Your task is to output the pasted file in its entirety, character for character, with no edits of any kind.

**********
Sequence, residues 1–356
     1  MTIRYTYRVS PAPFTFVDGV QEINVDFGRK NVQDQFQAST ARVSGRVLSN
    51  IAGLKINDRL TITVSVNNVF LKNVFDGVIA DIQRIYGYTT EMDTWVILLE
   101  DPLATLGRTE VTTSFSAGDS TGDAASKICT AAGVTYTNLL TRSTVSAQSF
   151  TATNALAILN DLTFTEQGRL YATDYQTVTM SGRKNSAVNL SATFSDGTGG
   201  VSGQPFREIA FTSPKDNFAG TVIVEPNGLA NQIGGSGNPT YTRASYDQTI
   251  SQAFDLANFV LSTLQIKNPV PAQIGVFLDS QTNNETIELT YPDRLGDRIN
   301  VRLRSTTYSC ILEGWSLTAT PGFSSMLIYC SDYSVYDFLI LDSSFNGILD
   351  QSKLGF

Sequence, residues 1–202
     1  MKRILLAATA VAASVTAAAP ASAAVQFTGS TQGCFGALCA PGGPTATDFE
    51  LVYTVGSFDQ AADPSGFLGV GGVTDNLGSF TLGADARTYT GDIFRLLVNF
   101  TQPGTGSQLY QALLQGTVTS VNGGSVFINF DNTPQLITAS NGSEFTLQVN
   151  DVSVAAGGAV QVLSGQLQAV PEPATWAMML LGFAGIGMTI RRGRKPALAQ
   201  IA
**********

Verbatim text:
Sequence, residues 1–356
     1  MTIRYTYRVS PAPFTFVDGV QEINVDFGRK NVQDQFQAST ARVSGRVLSN
    51  IAGLKINDRL TITVSVNNVF LKNVFDGVIA DIQRIYGYTT EMDTWVILLE
   101  DPLATLGRTE VTTSFSAGDS TGDAASKICT AAGVTYTNLL TRSTVSAQSF
   151  TATNALAILN DLTFTEQGRL YATDYQTVTM SGRKNSAVNL SATFSDGTGG
   201  VSGQPFREIA FTSPKDNFAG TVIVEPNGLA NQIGGSGNPT YTRASYDQTI
   251  SQAFDLANFV LSTLQIKNPV PAQIGVFLDS QTNNETIELT YPDRLGDRIN
   301  VRLRSTTYSC ILEGWSLTAT PGFSSMLIYC SDYSVYDFLI LDSSFNGILD
   351  QSKLGF

Sequence, residues 1–202
     1  MKRILLAATA VAASVTAAAP ASAAVQFTGS TQGCFGALCA PGGPTATDFE
    51  LVYTVGSFDQ AADPSGFLGV GGVTDNLGSF TLGADARTYT GDIFRLLVNF
   101  TQPGTGSQLY QALLQGTVTS VNGGSVFINF DNTPQLITAS NGSEFTLQVN
   151  DVSVAAGGAV QVLSGQLQAV PEPATWAMML LGFAGIGMTI RRGRKPALAQ
   201  IA